The expiration of the American Rescue Plan Act (ARPA) premium subsidies and the return of Medicaid redeterminations will likely result in 2023 premium rate changes for individual and small group health insurance plans, according to an issue brief from the American Academy of Actuaries.

As payers begin their premium rate filing process, they must consider projected medical claims and administrative costs for their member populations. Healthcare utilization rates and risk pool composition are key factors that influence prices.

The potential end of pandemic-era policies may significantly impact healthcare spending and risk pools, indicating that the status of these regulations will likely drive 2023 premium changes.

“Proposed health insurance premium rates reflect many factors, which can include the effects of legislative and regulatory changes,” Cori Uccello, Academy Senior Health Fellow, said in a press release.

“This is especially true for 2023 rates, due to the possible expiration later this year of enhanced Affordable Care Act (ACA) premium subsidies and of a key support of Medicaid coverage during the pandemic.”

Fewer premium subsidies and Medicaid eligibility redeterminations could impact the individual market’s risk pool composition.

ARPA increased ACA premium subsidies and extended eligibility to all income brackets. Between January 2021 and January 2022, individual market enrollment rose by 21 percent. However, these extended premiums are set to expire on January 1, 2023.

If policymakers let the ARPA premiums expire, 2023 enrollment will likely decline, as access to affordable coverage will dwindle. This enrollment change will negatively impact the risk pool, leading to higher premiums, the brief stated.

The Families First Coronavirus Response Act (FFCRA) helped expand Medicaid coverage during the pandemic by increasing federal aid for states that suspended their Medicaid redetermination process during the public health emergency (PHE).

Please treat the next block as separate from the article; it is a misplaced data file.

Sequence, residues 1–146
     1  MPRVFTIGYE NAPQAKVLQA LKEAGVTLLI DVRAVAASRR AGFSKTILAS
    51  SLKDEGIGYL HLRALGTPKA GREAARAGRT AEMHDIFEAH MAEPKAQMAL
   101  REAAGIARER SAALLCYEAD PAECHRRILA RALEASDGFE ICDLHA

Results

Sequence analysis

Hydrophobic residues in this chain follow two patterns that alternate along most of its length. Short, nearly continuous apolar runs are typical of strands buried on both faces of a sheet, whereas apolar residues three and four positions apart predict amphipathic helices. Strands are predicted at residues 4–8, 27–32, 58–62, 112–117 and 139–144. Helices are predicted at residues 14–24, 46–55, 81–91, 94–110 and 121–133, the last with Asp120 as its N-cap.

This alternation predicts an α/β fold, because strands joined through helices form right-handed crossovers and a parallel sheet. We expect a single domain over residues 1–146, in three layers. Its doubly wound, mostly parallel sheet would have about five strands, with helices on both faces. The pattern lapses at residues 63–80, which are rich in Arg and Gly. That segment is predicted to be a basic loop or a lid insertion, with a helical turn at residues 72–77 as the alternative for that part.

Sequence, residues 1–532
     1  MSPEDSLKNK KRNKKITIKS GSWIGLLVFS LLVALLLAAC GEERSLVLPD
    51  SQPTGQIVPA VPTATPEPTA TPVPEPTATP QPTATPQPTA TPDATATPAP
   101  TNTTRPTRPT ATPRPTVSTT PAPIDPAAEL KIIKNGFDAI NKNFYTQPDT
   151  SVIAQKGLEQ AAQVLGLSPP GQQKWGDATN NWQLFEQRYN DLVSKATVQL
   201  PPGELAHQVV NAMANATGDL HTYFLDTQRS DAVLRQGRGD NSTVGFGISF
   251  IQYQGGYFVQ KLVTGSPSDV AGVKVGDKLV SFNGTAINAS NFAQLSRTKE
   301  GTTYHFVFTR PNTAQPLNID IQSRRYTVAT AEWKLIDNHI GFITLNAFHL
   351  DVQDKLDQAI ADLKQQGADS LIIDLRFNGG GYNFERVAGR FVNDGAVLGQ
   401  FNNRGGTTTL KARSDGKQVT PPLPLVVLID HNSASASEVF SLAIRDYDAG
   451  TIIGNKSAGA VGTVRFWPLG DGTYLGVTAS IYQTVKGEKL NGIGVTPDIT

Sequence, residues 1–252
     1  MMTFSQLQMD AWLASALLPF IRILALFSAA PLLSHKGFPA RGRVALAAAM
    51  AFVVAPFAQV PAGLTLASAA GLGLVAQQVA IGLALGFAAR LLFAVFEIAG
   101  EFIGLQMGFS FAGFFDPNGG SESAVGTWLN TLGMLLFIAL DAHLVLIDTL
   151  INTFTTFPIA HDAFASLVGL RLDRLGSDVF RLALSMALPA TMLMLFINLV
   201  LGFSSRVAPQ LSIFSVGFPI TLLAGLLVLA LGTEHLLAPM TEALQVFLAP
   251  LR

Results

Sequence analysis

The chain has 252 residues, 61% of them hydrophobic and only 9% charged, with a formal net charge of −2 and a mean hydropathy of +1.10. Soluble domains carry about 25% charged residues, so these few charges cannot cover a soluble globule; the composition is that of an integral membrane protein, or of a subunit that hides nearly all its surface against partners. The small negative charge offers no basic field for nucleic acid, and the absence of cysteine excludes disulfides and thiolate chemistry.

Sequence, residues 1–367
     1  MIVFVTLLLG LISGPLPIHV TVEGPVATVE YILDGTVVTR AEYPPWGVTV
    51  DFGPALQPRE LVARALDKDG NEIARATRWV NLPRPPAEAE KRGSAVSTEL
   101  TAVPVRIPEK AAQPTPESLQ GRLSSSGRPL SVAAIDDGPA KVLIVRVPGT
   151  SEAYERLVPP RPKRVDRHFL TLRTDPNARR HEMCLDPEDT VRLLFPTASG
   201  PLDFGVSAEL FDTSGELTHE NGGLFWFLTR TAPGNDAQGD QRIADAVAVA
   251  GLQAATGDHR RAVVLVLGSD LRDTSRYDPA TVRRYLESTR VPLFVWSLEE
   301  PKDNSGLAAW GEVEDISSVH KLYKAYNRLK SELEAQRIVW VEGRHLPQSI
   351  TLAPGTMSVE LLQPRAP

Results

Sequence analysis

HHS has extended the PHE until at least mid-July, with another 90-day renewal expected. However, once the PHE ends, states can resume their usual Medicaid redetermination process, which may result in people losing their Medicaid coverage.

Following this coverage loss, individuals may shift to the individual market, employer group markets, or become uninsured. This transition will likely happen over six months to a year, resulting in a slower change in health coverage statuses and a higher prevalence of partial-year enrollments, the brief stated.

The potential influx of new enrollees to the individual and group markets could improve the risk pools and lower premiums, but these changes would have a smaller impact compared to the increases from the ARPA subsidies’ expiration.

Fixing the family glitch could also help improve the individual market’s risk pool. The current ACA rule states that families cannot receive individual market premium subsidies if one member has access to affordable employer-sponsored coverage. Coverage is deemed affordable if the cost for only the employee is below 9.5 percent of a family’s income.

Amending this regulation to base the affordability on family coverage rather than self-only coverage would allow dependents to qualify for individual market subsidies and transition from group coverage to individual coverage. This shift may improve the risk pool but would likely not impact premiums, according to the brief.

As policymakers weigh legislation that would impact individual market enrollment, such as extending ARPA subsidies, some states have requested two sets of premium rates, the researchers noted.

The risk pool composition in the small group market is likely to be impacted the most by inflation. As employers increase worker wages and service prices, they may need to cut back on coverage levels and contributions. This could push small employers to shift to self-funded or level-funded coverage or leave the market altogether.

Premium rates for 2023 may also increase due to the high medical loss ratio rebates payers are expected to issue at the end of 2022.

Meanwhile, COVID-19-related costs for treatment, testing, and vaccines have stabilized and will likely not impact 2023 premiums. However, this is dependent on whether health plans account for future variants and surges, the brief added.

Source: Healthpayer_Intellegence

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